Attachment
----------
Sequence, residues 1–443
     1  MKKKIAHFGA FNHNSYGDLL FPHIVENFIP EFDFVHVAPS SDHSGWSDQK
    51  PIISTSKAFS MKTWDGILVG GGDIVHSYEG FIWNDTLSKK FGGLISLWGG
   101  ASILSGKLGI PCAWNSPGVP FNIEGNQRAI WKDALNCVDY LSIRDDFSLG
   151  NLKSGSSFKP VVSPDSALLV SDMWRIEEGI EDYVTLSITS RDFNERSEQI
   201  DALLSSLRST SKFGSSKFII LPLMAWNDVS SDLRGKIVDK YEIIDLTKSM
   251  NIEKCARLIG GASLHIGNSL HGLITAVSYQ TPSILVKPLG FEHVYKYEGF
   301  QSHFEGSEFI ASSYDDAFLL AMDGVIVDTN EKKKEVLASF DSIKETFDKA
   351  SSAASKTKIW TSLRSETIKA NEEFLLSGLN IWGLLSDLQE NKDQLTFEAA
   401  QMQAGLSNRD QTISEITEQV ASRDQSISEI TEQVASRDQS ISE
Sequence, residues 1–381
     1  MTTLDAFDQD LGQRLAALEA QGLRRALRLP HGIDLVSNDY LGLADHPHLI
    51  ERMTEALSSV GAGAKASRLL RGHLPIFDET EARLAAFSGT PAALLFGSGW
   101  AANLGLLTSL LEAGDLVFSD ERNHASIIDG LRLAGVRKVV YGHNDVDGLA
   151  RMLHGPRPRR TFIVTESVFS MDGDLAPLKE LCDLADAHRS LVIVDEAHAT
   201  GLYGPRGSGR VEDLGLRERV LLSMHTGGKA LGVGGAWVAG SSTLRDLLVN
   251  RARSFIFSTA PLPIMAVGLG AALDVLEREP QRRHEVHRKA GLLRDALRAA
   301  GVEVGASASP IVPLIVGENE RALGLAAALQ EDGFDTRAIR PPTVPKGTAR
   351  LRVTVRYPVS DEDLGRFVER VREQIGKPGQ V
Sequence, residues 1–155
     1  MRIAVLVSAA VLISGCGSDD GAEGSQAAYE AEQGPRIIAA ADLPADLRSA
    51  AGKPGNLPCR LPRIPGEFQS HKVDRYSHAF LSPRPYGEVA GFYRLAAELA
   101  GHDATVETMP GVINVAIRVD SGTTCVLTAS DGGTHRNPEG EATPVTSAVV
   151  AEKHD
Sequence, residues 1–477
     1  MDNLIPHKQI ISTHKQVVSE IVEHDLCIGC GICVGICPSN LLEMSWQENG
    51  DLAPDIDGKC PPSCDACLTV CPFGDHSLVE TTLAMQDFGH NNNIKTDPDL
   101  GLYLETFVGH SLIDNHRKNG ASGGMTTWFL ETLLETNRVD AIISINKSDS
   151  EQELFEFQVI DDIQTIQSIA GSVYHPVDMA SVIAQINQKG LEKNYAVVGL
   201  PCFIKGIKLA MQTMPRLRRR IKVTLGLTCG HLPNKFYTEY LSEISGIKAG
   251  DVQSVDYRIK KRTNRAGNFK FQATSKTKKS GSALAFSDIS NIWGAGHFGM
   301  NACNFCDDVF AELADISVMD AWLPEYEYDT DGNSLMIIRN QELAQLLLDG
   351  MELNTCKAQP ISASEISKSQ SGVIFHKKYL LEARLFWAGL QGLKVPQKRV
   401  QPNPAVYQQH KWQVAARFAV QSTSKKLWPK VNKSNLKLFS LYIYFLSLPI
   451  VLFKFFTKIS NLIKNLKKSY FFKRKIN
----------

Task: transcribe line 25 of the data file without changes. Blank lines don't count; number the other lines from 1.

Sequence, residues 1–477